How Heavy are Heavy Duty Trucks?

It’s fair to say that in the USA we have a long-standing love affair with trucks. These mammoths of the roads are both brutal and beautiful with their shining chrome and wonderful embellishments. As American as it gets, the heavy-duty truck is the king of the road, working tirelessly to keep the supply chains open and the country alive.
An army of truckers, it’s a way of life rather than a job, driving their cabs across the land day after day covering hundreds of thousands of miles a year. They do it because they love it, and it takes a certain type of dedication to do the job of a heavy-duty truck driver. There’s nothing more iconic than a convoy of these massive trucks on one of the roads that were built for them.

So, how heavy are heavy duty trucks? It’s not a question with one single answer as there are different types and classes of them. Let’s start by looking at the types, and how they are defined.

Types of Truck


Most items are delivered by a smaller truck. However, heavy trucks with an enclosed option often prove better due to their detachable trailer and separate cab. Read here more about this topic.

When we think of trucks, we think of the traditional massive Peterbilt, Freightliner, Mack and other makes that are constantly running back and forth across the continent. These are the big trucks, the ones that do the hard work, but there are many other types that are in use on our roads.

When you get something delivered to your home or business it will come by a smaller truck. This will be the one big enough to carry what you ordered yet small enough to use in a town or city. It will have a chassis that holds both the truck body and the cab, sometimes as an all-in-one fixture. But that’s not the sort of truck we are talking about here.
We want to look at heavy ones, those that come with a detachable trailer and separate cab. Often known as semi-trucks or articulated, they have a cab that can be driven on its own to collect trailers as and when, and they are the mainstay of the freight world. They are given a classification by the relevant authorities in the USA, and the classes of truck are what we will talk about next. Meanwhile, for info on heavy duty trucks for Honda trucks click here and you’ll see what it’s all about.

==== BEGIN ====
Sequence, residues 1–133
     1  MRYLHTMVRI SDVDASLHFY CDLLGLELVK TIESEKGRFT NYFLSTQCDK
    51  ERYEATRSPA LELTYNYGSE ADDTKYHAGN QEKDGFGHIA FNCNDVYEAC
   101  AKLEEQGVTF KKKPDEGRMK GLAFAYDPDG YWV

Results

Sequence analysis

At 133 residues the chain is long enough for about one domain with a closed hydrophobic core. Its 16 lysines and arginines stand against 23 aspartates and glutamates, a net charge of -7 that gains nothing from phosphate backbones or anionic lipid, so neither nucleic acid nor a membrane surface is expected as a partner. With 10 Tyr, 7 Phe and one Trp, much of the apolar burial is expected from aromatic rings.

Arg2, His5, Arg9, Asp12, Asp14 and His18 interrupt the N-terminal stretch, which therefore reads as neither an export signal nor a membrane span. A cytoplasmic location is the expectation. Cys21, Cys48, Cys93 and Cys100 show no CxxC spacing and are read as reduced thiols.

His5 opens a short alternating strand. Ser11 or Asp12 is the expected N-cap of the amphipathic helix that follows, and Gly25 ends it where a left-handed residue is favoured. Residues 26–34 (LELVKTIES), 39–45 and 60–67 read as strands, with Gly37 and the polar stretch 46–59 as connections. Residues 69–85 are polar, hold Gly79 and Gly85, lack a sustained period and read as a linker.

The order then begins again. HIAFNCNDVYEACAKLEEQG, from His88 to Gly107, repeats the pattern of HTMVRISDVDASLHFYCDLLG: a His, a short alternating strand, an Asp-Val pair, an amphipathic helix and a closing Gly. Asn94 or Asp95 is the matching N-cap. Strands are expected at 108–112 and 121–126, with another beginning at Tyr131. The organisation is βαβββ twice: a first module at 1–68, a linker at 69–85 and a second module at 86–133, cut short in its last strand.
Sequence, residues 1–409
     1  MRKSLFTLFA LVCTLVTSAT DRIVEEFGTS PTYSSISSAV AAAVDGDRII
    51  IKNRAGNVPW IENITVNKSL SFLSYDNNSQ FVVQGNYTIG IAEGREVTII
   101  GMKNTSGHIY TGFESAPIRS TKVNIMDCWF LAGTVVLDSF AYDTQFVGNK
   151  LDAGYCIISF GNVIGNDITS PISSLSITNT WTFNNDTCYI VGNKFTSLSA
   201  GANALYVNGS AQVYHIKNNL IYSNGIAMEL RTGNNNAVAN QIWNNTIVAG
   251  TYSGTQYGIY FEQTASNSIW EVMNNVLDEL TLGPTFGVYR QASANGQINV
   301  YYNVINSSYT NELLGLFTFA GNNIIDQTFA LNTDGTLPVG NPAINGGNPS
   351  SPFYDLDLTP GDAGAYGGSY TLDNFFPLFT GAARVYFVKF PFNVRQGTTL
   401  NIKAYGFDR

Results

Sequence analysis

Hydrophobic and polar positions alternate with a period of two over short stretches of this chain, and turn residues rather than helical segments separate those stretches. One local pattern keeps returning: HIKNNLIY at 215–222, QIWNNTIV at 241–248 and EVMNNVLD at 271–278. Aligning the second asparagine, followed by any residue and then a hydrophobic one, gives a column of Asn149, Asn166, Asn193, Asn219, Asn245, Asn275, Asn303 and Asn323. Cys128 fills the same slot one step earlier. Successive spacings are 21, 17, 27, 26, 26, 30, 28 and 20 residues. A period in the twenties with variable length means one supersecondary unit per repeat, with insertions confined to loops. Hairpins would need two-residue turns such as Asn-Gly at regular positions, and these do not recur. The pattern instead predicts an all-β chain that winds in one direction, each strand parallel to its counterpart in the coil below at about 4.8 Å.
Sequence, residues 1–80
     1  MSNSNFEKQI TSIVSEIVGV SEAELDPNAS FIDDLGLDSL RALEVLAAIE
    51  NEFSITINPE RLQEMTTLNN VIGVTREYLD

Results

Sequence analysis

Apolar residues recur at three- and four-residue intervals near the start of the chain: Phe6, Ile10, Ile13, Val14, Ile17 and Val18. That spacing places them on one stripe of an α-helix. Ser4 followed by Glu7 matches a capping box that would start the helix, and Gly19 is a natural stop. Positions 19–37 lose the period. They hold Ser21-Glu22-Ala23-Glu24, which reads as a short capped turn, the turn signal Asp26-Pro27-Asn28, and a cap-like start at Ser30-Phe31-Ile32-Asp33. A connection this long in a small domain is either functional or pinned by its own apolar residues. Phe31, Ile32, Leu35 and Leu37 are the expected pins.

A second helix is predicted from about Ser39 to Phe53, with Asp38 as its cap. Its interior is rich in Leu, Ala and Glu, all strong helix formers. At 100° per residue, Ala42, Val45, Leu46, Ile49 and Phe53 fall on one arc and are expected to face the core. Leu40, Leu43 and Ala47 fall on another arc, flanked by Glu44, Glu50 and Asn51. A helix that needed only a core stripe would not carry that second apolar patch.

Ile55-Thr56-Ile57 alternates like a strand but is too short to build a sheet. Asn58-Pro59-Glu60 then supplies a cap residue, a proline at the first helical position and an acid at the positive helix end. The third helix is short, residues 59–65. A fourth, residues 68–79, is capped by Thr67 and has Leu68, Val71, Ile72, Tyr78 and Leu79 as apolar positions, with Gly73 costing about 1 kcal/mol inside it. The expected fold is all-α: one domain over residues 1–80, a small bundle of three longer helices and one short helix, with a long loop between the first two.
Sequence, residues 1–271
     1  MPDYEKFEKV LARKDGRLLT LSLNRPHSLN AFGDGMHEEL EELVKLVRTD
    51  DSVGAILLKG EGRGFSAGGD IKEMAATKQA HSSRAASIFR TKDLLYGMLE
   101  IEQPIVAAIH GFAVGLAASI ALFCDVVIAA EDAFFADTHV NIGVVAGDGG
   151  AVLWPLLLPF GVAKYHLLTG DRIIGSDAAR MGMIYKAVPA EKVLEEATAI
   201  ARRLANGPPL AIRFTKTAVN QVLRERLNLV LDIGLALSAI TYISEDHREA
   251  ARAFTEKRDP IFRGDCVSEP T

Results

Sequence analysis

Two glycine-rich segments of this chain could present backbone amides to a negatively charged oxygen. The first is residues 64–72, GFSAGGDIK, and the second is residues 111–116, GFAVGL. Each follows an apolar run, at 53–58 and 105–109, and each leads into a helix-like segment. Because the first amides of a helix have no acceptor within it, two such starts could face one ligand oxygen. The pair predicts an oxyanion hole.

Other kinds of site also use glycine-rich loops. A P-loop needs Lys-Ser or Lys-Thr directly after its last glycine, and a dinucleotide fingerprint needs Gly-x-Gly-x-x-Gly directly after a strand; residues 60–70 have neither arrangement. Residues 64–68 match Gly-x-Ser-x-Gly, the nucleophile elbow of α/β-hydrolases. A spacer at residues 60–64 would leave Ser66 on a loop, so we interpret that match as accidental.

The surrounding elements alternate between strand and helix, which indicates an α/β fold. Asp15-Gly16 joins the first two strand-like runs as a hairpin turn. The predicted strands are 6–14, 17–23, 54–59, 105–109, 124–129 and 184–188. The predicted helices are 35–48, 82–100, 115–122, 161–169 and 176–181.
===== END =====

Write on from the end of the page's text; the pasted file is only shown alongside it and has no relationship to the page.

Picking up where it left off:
Classes of Heavy Trucks


There are 8 classes of commercial ones on the roads in the USA. They are classified by their Gross Vehicle Weight Rating (GVWR). The GVWR is the maximum weight of the vehicle including the driver, load and the vehicle itself. The following list shows the different classes, and their weight classification:

  • Class 1 – GVWR ranges from 0 to 6,000 pounds (0 to 2,722 kg)
  • Class 2 – GVWR ranges from 6,001 to 10,000 pounds (2,722 to 4,536 kg)
  • Class 3 – GVWR ranges from 10,001 to 14,000 pounds (4,536 to 6,350 kg)
  • Class 4 – GVWR ranges from 14,001 to 16,000 pounds (6,351 to 7,257 kg)
  • Class 5 – GVWR ranges from 16,001 to 19,500 pounds (7,258 to 8,845 kg)
  • Class 6 – GVWR ranges from 19,501 to 26,000 pounds (8,846 to 11,793 kg)
  • Class 7 – GVWR ranges from 26,001 to 33,000 pounds (11,794 to 14,969 kg)
  • Class 8 – GVWR is anything above 33,000 pounds (14,969 kg)

As we’re looking for the heavy-duty trucks, let’s talk through what the different classes may include.
Class 1 and 2 are light trucks, these being the likes of your Ford Ranger and F150, Nissan Frontier and vehicles of that ilk. There is a Class 2a which is the crossover between light and medium trucks where you will find models such as the Ford F250, RAM 2500 and Nissan Titan XD. These ones are often used as family vehicles as well as for work.
Class 3 through to Class 6 are classed as medium trucks. Variously you may include the more powerful Chevy Silverado models, the Ford F350 and F450, and the bigger engine RAM trucks. Classes 5 and 6 bring in the first of the big boys in the form of the Kenworth T170, Freightliner Business Class models, and the Peterbilt 325 and 330 models.

So that leaves us with Class 7 and 8, which are the trucks we’re looking for: the heavy trucks. Among these the most popular one is the Freightliner Cascadia, which is perhaps the very epitome of what a heavy truck looks like. Along with others in the class such as the Mack Anthem, the bigger Peterbilt models and the heavy boys from Kenilworth and International, this is what American heavy trucks are all about.

When you compare US trucks with those in other countries you will find the weights are vastly different. Perhaps only Australia – which similarly uses road freight over great distances – are there comparable ones in use on a regular basis. Compare the above to the different classes of trucks in the UK for example, where much lesser miles are covered, and you’ll see what we mean.

Trucks and The Future


A lot has been written about the future of road transport, and when it comes to trucks and energy efficiency it is clear there is a lot of work to be done. Heavy duty trucks are thirsty on fuel, and although the engines are as efficient as possible there is a lot of gas used by the many thousands of trucks in use in the USA and across the world.

The future may look electric for cars but for trucks that cover long distances that doesn’t appear to be an option, Research and development into future truck technology is ongoing and will undoubtedly yield some impressive options, but for now we must continue as we are with the heavy truck fleet doing their job for the people of the USA.
We hope that we have answered the question about the weight of a heavy-duty one so that next time you see one, you can remember that it is possibly carrying in excess of 33,000lb total weight!

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